The report, released Wednesday, proposes capping discretionary spending, setting up tax rate reductions while expanding the tax base, raising the retirement age from 65 to 67 gradually and reducing the rate of increase of Social Security benefits, The Hill reported.
The report is the "chairmen's mark," meaning it was approved by the panel's co-chairmen, former Clinton administration chief of staff Erskine Bowles and former Sen. Alan Simpson, R-Wyo., but not approved by the 18 members of the commission.
The commission is to make its recommendations by Dec. 1.
President Obama will wait until the commission finishes its work before commenting, White House spokesman Bill Burton said in a statement.
"He respects the challenging task that the (co-chairmen) and the commissioners are undertaking and wants to give them space to work on it," Burton said. "These ideas, however, are only a step in the process towards coming up with a set of recommendations and the president looks forward to reviewing their final product early next month."
The preliminary draft includes five basic recommendations, including:
-- Enacting discretionary spending caps and providing $200 billion in domestic and defense savings by 2015.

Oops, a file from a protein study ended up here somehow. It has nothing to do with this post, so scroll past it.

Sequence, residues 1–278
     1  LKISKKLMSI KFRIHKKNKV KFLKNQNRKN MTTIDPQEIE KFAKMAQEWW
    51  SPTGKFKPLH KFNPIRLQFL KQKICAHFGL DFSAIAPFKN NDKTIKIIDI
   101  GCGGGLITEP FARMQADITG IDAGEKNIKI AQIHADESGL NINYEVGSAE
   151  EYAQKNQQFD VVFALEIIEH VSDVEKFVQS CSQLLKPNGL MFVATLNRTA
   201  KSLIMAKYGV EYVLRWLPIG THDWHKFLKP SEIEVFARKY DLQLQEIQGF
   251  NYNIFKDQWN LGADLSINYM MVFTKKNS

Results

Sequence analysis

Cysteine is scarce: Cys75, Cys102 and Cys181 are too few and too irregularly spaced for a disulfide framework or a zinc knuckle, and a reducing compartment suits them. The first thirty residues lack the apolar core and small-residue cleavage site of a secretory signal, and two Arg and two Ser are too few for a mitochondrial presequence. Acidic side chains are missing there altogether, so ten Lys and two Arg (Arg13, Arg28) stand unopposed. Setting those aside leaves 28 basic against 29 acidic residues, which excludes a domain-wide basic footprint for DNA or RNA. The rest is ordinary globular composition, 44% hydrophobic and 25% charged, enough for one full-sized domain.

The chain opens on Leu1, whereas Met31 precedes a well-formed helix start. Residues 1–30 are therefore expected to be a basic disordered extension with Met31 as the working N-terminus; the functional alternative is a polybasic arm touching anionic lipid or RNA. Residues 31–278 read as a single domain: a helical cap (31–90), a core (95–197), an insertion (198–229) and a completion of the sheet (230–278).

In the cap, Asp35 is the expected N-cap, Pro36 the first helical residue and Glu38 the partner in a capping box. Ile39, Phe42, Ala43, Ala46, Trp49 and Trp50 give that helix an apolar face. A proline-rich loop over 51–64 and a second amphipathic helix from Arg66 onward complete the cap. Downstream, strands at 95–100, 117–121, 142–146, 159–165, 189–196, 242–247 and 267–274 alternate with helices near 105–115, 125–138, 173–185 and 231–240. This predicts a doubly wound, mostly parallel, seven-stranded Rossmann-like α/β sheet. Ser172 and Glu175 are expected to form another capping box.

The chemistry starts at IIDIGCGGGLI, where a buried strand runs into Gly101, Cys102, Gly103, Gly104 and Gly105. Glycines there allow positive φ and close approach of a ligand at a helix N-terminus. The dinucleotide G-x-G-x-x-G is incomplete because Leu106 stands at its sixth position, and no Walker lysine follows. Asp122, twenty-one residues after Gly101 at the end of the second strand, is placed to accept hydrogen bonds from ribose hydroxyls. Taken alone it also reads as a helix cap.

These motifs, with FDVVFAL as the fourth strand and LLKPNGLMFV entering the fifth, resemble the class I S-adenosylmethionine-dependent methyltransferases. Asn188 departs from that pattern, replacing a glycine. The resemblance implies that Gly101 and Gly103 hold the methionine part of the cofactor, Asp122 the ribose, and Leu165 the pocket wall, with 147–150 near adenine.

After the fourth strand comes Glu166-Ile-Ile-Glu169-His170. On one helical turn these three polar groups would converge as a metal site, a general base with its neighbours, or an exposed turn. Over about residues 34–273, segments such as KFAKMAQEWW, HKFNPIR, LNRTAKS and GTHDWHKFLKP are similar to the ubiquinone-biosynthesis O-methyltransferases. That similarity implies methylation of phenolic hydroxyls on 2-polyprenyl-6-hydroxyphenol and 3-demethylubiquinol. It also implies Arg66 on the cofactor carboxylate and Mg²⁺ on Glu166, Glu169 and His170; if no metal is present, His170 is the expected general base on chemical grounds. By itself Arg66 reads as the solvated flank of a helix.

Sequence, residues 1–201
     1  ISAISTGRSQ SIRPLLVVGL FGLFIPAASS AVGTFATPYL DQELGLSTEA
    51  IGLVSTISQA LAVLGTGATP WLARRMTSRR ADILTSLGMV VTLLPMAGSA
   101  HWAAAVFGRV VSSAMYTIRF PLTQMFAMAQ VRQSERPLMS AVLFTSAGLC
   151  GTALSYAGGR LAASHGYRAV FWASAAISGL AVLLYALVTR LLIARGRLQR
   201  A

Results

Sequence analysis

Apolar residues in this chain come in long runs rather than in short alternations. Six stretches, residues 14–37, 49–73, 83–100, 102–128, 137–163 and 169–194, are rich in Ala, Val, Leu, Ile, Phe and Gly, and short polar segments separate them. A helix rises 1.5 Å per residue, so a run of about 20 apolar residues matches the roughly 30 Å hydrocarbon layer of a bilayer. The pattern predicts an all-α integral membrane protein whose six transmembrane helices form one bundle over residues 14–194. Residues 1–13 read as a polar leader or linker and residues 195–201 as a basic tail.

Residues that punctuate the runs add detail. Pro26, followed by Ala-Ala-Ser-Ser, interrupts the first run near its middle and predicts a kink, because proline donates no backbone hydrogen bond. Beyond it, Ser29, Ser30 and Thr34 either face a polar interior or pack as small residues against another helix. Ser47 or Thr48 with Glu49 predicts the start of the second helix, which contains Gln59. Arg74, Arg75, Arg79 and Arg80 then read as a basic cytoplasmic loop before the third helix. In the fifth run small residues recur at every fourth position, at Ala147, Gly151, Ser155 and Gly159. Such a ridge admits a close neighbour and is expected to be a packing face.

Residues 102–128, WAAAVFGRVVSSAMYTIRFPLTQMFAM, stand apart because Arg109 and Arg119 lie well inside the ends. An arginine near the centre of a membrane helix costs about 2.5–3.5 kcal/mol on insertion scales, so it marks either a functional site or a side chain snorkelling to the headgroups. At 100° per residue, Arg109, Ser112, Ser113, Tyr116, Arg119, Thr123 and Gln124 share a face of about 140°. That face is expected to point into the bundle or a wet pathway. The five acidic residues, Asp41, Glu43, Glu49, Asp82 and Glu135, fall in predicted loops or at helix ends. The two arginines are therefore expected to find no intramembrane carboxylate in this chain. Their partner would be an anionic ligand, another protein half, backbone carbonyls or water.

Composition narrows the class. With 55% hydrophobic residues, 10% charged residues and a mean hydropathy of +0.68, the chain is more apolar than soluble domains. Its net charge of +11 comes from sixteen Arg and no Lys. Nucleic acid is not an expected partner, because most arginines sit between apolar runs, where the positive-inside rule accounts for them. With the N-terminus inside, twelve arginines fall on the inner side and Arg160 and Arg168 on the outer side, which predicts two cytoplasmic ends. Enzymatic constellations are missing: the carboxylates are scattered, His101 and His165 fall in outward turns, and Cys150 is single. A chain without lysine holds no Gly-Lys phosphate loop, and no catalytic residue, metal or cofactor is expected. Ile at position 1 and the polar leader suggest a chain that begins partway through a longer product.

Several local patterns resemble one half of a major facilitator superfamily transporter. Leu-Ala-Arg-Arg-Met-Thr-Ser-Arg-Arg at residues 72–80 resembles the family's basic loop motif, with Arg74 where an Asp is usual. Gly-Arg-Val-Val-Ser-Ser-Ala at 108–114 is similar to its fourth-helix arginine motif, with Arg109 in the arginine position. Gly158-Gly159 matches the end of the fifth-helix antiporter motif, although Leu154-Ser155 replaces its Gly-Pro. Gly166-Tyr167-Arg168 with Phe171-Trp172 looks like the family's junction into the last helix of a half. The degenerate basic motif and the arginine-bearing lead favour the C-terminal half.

-- Passing tax reform that would reduce rates, simplify the code, broaden the base and reduce the deficit.
-- Addressing Medicare issues through savings from payment reforms, cost-sharing malpractice reform and long-term measures to control healthcare cost growth.
-- Realizing savings from farm subsidies, and military and civil service retirement.
-- Ensuring Social Security solvency for the next 75 years while reducing poverty among seniors.
Sen. Judd Gregg, R-N.H., the senior Republican on the Senate Budget Committee, called the draft a good start.
"It shows the size of the problem, which is massive," said Gregg, who is retiring at the end of this term. "This is the draft for discussion purposes to get us all thinking."
"It's a lot to digest. I support the goal," said Sen. Max Baucus, D-Mont., Senate Finance Committee chairman, adding, "(We're) at the early stages."